Jeremy Hobson: The head of AT&T says he has a big regret. He regrets that his company ever offered unlimited data plans to mobile phone users for a set price. The all-you-can-eat model, he says, is costing AT&T money. For more on this, let's bring in L.A. Times consumer columnist David Lazarus. Good morning, David.
David Lazarus: Morning, Jeremy.
Hobson: So is the all-you-can-eat model, if you will, not a good one for companies?
Lazarus: I would say it was never a good one for companies, 'cause it always seems to turn around and bite you in the keyster. I mean, in the case of AT&T's Randall Stephenson saying iPhone all-you-can-eat plan wasn't a good idea. Well of course it wasn't! Because people would start using it a lot. And then there was that much-discussed article in the L.A. Times the other day about American Airlines offering $350,000 all-you-can-use first-class tickets for the rest of your life. And what, it turns out that it's costing over $1 million a year per passenger!
Hobson: So then why do these companies do it in the first place?
Lazarus: I think they do it because they just don't crunch the numbers. And they figure, boy, not a lot of people will take us up on it, we'll get more money over the long run than the customer. What they don't figure is the customer's not stupid; you offer them something like this, they will figure out how to make the most of it.
Hobson: Now are the cousin of all-you-can-eat plans -- lifetime subscriptions -- are those also flawed in your view?
Lazarus: I would say so, simply because often times market circumstances or technology will overtake things. For example, a few years ago, there was a Seattle company called TrafficGauge, which offered lifetime subscription to real-time traffic information. And then it found out that that lifetime subscription was costing it a pretty penny, so it tacked on a $9.95 annual fee to boot -- thus reneging on its original contract, but saying, "Hey, what can we do. Times change." Well, of course they do.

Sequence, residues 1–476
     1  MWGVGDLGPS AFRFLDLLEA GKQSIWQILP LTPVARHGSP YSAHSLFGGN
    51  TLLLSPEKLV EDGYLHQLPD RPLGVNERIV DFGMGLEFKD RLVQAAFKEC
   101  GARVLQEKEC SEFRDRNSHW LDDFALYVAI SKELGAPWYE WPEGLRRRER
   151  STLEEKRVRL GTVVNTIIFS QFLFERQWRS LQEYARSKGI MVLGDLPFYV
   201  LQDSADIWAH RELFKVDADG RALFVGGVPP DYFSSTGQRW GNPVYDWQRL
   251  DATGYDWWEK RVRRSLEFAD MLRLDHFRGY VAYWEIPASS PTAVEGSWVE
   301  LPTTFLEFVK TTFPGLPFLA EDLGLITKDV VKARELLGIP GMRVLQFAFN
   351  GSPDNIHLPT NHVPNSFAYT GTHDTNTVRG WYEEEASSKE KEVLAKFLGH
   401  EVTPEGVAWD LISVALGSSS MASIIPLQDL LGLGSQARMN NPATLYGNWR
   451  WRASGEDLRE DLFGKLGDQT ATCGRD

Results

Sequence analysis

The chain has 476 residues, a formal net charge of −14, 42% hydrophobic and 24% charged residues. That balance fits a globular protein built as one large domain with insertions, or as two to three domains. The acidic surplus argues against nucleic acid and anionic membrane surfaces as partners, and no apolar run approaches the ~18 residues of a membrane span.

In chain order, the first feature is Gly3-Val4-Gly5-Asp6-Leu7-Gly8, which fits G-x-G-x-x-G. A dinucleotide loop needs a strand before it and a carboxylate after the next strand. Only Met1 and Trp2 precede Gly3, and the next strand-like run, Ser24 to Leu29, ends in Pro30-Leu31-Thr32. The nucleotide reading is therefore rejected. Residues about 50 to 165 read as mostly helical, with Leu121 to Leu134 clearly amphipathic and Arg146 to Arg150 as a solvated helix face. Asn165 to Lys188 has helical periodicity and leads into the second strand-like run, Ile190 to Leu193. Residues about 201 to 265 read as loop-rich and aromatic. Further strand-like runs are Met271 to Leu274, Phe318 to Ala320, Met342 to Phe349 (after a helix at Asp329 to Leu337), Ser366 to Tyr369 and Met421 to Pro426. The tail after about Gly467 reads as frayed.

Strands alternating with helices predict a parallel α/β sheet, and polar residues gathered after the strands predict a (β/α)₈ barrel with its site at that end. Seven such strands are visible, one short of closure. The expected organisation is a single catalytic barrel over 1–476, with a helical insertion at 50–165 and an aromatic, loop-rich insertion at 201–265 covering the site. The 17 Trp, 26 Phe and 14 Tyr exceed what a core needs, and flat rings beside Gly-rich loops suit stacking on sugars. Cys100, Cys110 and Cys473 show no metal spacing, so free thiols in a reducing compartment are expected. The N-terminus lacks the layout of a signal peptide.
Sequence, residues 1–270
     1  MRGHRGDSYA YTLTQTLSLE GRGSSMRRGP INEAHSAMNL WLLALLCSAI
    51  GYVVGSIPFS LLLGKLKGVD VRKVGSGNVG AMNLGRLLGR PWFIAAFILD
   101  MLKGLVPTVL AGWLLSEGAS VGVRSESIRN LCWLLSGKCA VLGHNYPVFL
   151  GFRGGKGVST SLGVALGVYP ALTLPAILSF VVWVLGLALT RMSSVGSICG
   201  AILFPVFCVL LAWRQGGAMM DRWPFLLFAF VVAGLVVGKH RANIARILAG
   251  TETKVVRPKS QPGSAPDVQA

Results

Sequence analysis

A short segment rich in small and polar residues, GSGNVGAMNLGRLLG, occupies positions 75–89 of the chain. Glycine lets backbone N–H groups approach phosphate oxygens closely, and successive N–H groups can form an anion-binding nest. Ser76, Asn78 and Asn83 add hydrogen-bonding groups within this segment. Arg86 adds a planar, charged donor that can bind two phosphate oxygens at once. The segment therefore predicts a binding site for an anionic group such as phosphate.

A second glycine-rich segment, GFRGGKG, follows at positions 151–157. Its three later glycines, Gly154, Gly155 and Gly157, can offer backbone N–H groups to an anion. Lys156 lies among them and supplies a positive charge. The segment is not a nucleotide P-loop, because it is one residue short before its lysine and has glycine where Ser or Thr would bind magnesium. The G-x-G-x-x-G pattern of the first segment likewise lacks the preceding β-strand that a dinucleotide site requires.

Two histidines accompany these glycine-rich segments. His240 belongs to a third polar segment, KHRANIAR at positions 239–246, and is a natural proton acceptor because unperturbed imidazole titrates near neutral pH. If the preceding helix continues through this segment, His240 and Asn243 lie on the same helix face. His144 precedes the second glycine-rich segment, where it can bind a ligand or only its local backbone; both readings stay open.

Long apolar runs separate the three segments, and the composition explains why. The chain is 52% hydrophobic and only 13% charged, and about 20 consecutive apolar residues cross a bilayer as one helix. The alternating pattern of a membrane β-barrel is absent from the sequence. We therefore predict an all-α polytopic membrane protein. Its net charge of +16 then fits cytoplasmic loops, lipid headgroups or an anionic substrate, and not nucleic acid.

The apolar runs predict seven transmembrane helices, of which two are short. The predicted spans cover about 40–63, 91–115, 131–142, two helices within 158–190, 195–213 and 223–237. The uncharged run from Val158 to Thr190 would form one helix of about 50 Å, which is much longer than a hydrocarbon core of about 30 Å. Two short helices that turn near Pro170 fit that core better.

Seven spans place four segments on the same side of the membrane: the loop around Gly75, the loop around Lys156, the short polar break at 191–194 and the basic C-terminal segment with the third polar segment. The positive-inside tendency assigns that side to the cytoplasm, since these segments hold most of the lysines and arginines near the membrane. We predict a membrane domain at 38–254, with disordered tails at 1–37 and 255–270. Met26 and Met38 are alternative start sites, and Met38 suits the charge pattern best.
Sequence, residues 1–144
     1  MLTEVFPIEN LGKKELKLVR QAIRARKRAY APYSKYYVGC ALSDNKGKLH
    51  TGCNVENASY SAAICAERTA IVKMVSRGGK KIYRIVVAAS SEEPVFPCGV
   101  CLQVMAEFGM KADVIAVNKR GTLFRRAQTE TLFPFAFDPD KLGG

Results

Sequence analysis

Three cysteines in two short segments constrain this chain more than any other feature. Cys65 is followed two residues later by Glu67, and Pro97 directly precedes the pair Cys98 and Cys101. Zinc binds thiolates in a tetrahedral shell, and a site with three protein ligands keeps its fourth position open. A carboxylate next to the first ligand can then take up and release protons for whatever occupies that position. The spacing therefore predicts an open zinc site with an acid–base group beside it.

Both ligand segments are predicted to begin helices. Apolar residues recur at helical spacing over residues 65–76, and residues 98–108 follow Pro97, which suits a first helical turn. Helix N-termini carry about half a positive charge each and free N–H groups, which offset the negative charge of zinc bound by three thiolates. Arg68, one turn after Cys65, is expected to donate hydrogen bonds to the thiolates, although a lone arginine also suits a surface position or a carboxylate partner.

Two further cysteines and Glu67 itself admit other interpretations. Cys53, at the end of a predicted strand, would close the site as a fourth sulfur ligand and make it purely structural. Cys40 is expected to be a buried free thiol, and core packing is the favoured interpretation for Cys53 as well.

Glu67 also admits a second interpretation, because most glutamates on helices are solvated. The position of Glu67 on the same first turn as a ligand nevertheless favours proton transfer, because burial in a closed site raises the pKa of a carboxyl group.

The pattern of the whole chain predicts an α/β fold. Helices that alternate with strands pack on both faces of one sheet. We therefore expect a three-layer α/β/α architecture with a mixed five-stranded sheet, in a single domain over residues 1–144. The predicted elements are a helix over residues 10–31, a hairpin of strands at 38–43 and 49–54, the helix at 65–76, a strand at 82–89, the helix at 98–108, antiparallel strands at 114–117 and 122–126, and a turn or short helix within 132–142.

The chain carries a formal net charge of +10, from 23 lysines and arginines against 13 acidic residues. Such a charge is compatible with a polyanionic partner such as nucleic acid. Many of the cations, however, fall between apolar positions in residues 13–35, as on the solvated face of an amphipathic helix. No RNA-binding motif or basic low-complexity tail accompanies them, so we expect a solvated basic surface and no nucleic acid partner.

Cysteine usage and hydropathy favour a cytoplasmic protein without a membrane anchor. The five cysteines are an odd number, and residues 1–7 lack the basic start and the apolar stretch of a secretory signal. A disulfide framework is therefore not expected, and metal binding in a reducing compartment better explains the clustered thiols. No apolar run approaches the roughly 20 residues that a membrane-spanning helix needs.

Hobson: Well, what about all-you-can-eat buffets though David? They do seem to work. I mean, you go to some restaurants and they offer unlimited breadsticks or unlimited pasta -- they seem to stay in business.
Lazarus: Well, yeah, but these guys really crunched the numbers and they looked at how much people will really use, and they kind of use low-quality ingredients. So unless these guys get overrun by a troop of sumo wrestlers, it probably isn't going to happen a lot. Chances are they're going to come out ahead. But here's the main thing: In about 20 years, according to the latest projections, the obesity rate among adult Americans will be nearly 50 percent. So I would say, all-you-can-eat restaurants, they're like toxic waste dumps.
Hobson: L.A. Times consumer columnist David Lazarus, thanks a lot.
Lazarus: Thank you.